The Duhks - The Duhks

The Duhks’ journey south of the Canadian border began in the nurturing womb of the Winnipeg Folk Festival, where banjoist Leonard Podolak’s first spread his wings, and it traverses an entire continent before landing stateside with a warm and energetic album that touches the true heart of folk music. The quintet’s debut CD mixes traditional songs from two continents with the rhythms and textures of two more to create a true music of the people.
The Celtic jigs of "The Dregs of Birch" and "Gene's Machine," a four-song medley of traditional Irish tunes, stand side-by-side with Jessica Havey's smoky vocal soul on Appalachian standards "Death Came a Knockin'" and "True Religion," and an equally expansive gap is bridged between the folksy "Wagoner's Lad" and more modern country sounds of "Four Blue Walls" and "Dance Hall Girls."

The admirable but trite lyrical sentiment of "You and I" and faint, nasal vocals of Leonard Cohen's "Everybody Knows" lie like exposed roots on the trail, and the Duhks do stumble--albeit gracefully--but they don't fall. Instead, Tania Elizabeth's fiddle and vocal harmonies lend Havey's deep, heavy blues a pair of dancin' shoes on the Celtic hoe-down of "The Magnolia Set," and Scott Senior's percussion sets an exotic beat throughout the album. Guitarist Jordan McConnell exercises restraint and virtuosity in all the right places, and Podolak's banjo floats just beneath the surface of everything.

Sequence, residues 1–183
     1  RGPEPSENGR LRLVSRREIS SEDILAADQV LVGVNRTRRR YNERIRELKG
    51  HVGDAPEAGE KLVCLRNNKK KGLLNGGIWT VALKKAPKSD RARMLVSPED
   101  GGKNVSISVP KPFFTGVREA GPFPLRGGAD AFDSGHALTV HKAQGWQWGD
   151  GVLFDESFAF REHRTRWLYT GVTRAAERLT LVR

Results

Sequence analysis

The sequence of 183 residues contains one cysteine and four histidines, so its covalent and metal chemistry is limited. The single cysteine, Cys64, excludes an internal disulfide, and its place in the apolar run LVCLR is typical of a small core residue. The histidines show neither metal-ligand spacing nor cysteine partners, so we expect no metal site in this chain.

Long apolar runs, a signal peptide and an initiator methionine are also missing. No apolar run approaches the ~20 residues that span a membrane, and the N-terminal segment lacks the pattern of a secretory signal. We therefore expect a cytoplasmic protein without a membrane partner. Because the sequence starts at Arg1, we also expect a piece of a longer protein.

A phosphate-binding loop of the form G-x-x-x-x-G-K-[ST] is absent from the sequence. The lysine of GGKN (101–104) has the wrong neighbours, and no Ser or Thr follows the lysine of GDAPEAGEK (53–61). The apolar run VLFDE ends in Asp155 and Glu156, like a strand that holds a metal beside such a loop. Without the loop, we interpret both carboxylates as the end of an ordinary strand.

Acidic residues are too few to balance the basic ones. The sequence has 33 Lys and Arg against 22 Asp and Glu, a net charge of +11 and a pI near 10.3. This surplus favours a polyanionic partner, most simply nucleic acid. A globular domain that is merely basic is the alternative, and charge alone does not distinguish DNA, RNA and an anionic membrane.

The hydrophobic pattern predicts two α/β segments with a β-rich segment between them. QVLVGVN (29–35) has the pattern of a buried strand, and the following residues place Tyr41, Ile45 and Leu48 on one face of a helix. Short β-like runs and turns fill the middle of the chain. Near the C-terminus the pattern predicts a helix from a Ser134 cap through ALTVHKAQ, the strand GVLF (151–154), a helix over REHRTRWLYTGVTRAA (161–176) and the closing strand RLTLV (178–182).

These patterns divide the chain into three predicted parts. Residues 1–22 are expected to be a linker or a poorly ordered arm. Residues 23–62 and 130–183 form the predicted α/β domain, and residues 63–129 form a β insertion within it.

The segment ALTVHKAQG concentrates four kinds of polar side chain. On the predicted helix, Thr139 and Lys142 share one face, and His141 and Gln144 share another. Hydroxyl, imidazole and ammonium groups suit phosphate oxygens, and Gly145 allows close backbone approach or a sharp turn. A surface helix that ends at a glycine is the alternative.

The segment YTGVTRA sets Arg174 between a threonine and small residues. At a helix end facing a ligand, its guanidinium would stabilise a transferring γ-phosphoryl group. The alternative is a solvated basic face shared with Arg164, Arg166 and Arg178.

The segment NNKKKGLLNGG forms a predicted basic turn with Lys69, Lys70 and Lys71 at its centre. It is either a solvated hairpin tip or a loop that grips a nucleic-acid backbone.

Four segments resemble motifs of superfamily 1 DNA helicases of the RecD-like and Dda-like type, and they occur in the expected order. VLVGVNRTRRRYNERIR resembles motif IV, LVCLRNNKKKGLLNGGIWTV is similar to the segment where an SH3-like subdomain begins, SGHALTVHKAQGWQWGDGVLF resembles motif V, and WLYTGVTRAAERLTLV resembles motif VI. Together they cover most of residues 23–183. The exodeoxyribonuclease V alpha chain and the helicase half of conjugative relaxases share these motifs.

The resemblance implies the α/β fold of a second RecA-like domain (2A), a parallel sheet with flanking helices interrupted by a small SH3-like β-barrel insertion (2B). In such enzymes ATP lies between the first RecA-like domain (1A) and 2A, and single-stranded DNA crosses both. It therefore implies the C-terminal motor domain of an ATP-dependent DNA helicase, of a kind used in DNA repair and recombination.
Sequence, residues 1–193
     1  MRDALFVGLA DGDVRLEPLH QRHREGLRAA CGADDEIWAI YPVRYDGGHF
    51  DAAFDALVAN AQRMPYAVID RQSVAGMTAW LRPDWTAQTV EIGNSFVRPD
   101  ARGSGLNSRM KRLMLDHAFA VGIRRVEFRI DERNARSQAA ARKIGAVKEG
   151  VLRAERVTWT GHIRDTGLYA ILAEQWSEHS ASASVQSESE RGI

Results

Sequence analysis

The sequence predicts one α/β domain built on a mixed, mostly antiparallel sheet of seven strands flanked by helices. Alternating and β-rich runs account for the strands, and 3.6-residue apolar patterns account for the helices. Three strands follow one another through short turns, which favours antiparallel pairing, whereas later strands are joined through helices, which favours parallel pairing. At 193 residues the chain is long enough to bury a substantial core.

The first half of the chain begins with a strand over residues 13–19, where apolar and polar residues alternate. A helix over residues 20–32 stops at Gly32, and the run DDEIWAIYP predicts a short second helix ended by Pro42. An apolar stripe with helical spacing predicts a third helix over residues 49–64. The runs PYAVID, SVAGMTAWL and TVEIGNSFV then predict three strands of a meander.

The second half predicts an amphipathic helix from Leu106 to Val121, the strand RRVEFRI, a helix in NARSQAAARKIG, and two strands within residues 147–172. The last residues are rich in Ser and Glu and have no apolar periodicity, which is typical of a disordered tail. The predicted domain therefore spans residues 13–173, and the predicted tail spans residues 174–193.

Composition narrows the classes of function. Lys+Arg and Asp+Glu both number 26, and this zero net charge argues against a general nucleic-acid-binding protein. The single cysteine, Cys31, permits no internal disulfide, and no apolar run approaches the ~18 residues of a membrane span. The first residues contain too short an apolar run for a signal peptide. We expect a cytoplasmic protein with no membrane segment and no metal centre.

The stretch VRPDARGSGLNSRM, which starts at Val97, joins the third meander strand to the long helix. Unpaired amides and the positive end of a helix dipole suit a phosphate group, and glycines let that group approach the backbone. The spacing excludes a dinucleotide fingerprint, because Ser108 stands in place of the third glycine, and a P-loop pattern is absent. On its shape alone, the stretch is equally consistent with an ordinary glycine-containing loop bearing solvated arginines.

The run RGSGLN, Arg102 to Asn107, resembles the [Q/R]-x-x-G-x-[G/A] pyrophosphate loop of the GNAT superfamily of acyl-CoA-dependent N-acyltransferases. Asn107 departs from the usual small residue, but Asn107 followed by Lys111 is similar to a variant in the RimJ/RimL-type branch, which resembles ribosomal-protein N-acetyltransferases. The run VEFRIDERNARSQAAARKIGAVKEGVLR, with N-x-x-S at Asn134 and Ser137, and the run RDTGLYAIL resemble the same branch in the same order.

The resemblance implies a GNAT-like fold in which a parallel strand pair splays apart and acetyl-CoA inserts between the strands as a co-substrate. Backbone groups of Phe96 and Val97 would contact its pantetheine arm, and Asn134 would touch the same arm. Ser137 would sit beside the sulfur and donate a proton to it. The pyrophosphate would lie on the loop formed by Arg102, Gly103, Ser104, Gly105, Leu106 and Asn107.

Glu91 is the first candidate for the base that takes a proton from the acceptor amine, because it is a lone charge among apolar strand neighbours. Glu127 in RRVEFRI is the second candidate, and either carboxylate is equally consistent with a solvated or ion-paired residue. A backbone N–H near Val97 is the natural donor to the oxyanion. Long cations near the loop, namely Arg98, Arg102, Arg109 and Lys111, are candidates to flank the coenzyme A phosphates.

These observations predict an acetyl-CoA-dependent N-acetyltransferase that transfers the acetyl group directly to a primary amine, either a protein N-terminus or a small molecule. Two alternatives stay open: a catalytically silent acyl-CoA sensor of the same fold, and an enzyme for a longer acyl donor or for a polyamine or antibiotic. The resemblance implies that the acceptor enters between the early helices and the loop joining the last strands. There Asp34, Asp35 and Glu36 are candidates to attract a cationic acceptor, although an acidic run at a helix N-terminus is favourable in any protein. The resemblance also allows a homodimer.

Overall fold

From the traditional French Canadian folk of "Du Temps que J'Etais Jeune" to the acoustic reggae of the Sting cover, "Love Is the Seventh Wave," The Duhks exhibit a stylistic dexterity matched only by the depth of their roots. Their self-titled debut CD moves smoothly from blues to bluegrass and Irish to irie without ever loosening its grip on the acoustic warmth that draws people to folk music, regardless of the geographical or generational gaps between the folk and the people.

by Brian Gearing 

You May Also Like